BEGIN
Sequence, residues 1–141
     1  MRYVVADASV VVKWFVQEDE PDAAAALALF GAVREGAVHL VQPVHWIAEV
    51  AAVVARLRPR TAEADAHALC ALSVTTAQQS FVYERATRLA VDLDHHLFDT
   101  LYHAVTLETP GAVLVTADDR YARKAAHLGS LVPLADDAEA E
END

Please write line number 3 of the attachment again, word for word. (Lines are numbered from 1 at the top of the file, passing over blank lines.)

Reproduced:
    51  AAVVARLRPR TAEADAHALC ALSVTTAQQS FVYERATRLA VDLDHHLFDT